That's not to say that I think this particular way of describing the process is the only way out of the samsaric system. Nor do I think that anyone who describes the unconditioned as "True Self" or "Awareness" or whatever is wrong. But the Three Marks aren't really a part of their system, so it doesn't make sense to apply it to them; that is, unless we have firsthand experience working with the teachings of multiple paths, from their own point of view, all the way through to some kind of completion or fruition.

Roar. (haha)

-Jackson
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what else is there 15 Sep 2011 17:14 #3719

"devoid of everything but nevertheless substantial" -- totally beyond me, makes no sense at all. But, there are people who I respect for whom it does make sense, so I am open to the idea that such a thing might be true and I just haven't gotten to the point of understanding or seeing it yet.

At this point I really think that perception/awareness is located in my brain and when my brain goes away (when I die) this Mike Monson thing will stop perceiving and being aware of stuff. However, the effects of my actions and thoughts will continue for a while and then eventually die out/fade away. The trick of all the stuff coming together moment to moment making me think I am me will no longer work.

I don't think there is anything behind the curtain.
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what else is there 15 Sep 2011 17:18 #3720


I feel like my posts are going to start sounding like a broken record, but oh well.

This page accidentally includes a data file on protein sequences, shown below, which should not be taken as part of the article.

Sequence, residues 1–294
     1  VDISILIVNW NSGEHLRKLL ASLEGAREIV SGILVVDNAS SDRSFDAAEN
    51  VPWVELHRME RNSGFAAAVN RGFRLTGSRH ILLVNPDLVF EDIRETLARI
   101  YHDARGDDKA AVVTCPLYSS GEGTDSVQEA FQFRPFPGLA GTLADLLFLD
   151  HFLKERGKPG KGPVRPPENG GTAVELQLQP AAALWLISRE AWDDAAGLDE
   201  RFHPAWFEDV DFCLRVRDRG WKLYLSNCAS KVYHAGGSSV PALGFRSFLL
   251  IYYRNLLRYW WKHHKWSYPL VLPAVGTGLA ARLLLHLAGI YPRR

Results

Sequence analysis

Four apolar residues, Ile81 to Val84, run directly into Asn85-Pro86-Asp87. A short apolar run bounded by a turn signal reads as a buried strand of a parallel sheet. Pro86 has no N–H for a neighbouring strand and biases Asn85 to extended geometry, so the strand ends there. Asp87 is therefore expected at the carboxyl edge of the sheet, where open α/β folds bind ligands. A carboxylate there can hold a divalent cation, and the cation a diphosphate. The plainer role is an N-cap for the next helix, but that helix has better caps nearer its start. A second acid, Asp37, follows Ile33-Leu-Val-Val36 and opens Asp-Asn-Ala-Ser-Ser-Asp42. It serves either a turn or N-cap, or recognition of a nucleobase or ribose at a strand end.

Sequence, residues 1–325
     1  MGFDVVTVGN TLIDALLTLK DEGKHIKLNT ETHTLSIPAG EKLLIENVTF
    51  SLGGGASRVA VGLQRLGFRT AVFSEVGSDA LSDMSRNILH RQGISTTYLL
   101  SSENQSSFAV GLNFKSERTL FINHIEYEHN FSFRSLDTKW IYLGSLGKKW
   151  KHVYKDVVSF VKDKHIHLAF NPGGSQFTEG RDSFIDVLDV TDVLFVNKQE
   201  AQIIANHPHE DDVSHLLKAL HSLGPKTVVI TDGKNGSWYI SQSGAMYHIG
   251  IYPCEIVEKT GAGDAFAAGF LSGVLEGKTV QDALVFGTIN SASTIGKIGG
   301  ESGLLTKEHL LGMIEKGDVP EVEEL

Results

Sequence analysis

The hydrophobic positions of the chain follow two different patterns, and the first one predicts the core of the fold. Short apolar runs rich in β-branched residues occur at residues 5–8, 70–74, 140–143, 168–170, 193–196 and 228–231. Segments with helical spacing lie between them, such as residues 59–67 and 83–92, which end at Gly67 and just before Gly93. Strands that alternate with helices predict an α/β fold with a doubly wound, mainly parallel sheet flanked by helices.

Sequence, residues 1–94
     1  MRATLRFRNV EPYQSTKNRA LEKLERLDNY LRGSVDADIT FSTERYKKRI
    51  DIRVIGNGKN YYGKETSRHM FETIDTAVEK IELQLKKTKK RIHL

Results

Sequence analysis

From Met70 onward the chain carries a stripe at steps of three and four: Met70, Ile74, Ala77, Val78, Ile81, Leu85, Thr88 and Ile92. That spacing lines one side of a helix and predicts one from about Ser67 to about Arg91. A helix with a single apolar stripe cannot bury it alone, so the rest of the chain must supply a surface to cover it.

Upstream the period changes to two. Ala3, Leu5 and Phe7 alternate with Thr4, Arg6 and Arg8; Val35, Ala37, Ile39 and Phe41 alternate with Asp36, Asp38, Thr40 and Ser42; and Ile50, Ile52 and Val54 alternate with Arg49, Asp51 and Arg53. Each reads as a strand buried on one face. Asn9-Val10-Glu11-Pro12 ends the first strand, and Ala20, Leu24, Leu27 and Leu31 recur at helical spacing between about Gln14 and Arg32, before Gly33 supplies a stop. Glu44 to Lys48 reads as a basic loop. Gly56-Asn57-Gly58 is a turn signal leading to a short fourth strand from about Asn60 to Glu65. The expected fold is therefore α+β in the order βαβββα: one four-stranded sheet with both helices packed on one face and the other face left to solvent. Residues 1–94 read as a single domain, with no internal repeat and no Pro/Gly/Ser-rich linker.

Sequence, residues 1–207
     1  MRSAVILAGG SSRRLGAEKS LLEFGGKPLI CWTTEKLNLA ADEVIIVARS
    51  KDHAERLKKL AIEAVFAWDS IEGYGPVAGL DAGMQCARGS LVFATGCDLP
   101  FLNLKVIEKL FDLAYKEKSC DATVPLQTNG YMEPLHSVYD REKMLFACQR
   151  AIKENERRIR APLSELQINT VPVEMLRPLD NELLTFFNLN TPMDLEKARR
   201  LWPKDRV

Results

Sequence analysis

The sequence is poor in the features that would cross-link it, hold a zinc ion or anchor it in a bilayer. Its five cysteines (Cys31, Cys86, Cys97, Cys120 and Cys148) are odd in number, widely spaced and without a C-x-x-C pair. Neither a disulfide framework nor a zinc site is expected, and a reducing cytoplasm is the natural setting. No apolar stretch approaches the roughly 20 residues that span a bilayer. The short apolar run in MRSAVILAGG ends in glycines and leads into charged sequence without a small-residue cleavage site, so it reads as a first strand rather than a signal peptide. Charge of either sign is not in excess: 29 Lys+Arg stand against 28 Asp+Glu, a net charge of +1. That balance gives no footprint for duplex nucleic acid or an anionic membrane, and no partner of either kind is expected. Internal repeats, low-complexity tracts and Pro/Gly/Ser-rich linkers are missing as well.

It is my understanding that the Three Marks are not intended as Universal Truths to hold or be held to with regard to the totality of Reality. The early Buddhist scriptures make this abundantly clear.
The Three Marks are included in a strategy leading to release from suffering. The causes are explained in detail in the teachings of dependent co-arising, which describes the seemingly endless patterns of feedback loops within a very complex system of becoming. Using the a mode of awareness which turns back on the process of mind, rather than being anchored in them, is what allows this complex system to come into plain view. Once we can "see" it happening, recognizing any one of the "links" or "loops" and subsequently noticing that ignorance is what allows it to perpetuate, we can then apply a strategy for breaking the cycle.
Seeing any of these processes from a transpersonal point of view, seeing any one of them as anicca, dukkha, and/or anatta, works to introduce wisdom into the system as a means of counteracting the ignorance. Keep this up, and the system literally falls apart - which is what we know as "cessation".
Whatever reality exists for us outside of this system is not adequately described in terms of self or other, because it is brought about through a system that is utterly beyond the mundane view. Thus, the early Buddhist teachings refer to that which is left after the collapsing of the samsaric system of "nibbana" (i.e. unbinding, going out). It doesn't make sense to apply the Three Marks to the unconditioned, to experience-unbound... at least not within this particular teaching.